In this notebook and associated example, we have three goals:

- We want to show how to discretize a 1D wave equation with finite differences
- We want to show off how to interface C to Python using Cython
- We want to illustrate how to use Python for animations

We begin by importing several Python modules. The last of these, the `waves`

module,
is a code that we wrote ourselves. This is based on the `_waves.pyx`

interface file that
creates a Python-to-C interface to the `time_step`

function in `waves.c`

.

In [1]:

```
import numpy as np
import matplotlib.pyplot as plt
import matplotlib.animation as animation
from IPython.display import HTML
import waves
```

Once we have imported the waves package, we can run our 1D wave simulation. The time stepper takes in two consecutive steps and produces the solution vector at the next time step; we only record every tenth step. We reserve the two end points for boundary values in each array (the first argument `b`

to the time step function tells us how many time steps we need). We set up initial conditions consistent with a Gaussian pulse moving to the right at the wave speed; if we've done things right, it should move right, reflect off the right boundary, and then traverse the domain and reflect off the left boundary. We only record once every ten time steps. We might be tempted to record more, but it's already slow enough to generate the movie without recording ten times as many frames! We can't make our time step much larger without generating the stability condition (also called the CFL condition).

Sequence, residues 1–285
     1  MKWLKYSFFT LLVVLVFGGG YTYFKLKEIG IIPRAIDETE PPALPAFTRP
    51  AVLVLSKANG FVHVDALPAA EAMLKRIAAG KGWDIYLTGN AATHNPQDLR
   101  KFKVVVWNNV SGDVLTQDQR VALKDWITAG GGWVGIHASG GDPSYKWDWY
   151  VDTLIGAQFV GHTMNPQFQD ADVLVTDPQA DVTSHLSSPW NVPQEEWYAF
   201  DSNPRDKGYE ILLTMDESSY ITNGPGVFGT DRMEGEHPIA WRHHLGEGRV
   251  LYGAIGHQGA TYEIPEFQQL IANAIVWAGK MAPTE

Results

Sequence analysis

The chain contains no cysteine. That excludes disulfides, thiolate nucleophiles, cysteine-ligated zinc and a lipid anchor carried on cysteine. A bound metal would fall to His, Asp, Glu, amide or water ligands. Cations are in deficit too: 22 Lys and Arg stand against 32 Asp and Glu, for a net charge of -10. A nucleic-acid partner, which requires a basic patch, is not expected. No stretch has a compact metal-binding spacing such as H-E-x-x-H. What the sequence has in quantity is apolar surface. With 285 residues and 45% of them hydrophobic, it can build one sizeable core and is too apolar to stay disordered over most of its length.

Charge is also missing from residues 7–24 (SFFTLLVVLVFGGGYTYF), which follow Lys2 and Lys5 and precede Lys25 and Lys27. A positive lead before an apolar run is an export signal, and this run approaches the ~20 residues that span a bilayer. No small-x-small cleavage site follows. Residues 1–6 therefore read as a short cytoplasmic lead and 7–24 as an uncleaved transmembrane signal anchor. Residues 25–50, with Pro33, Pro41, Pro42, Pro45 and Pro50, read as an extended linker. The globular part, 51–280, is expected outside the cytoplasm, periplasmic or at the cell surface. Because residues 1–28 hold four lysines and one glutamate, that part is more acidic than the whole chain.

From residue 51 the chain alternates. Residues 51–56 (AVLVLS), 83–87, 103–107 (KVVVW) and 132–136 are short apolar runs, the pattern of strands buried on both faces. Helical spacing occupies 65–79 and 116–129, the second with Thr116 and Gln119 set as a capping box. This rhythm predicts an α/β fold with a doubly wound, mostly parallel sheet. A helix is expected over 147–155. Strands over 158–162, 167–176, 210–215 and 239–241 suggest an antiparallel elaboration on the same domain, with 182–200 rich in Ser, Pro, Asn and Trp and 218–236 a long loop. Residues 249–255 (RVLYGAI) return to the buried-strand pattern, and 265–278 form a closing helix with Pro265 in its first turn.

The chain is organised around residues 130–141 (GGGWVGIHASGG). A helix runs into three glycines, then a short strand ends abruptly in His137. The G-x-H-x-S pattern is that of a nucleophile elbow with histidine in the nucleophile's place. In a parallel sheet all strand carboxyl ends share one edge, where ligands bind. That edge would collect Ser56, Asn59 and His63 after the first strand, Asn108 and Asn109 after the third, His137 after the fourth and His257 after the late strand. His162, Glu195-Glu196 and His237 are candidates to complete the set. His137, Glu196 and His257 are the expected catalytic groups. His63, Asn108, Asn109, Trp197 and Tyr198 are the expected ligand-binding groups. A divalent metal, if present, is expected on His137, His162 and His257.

In [2]:

```
# Set up an n-point uniform mesh
n = 1000
dx = 1.0/(n-1)
x0 = np.linspace(0.0,1.0,n)
# Speed of sound, space step, time step
c = 1.0
dt = 5e-4
# Sanity check the physical constants
C = c*dt/dx
print("CFL constant is {0} (should be < 1 for stability)".format(C))
# Set up initial conditions
u0 = np.exp(-(5*(x0-0.5))**2)
u1 = np.exp(-(5*(x0-0.5-c*dt))**2)
a = []
# Space for time steps
for i in range(5000):
u2 = np.zeros(n, dtype=np.double)
waves.time_step_func(1, u0, u1, u2, c, dx, dt)
if i % 10 == 0:
a.append(u2)
u0 = u1
u1 = u2
```

Once we have computed the solution, it's time for a plot. We use the animate functionality in matplotlib, together with the ability for Jupyter to create Javascript-based animations.

In [3]:

```
plt.style.use('dark_background')
fig = plt.figure()
fig.set_dpi(100)
ax1 = fig.add_subplot(1,1,1)
k = 0
def animate(i):
global k
x = a[k]
k += 1
ax1.clear()
plt.plot(x0,x,color='cyan')
#plt.grid(True)
plt.ylim([-2,2])
plt.xlim([0.0,1.0])
anim = animation.FuncAnimation(fig,animate,frames=360,interval=20)
HTML(anim.to_jshtml())
```

Out[3]: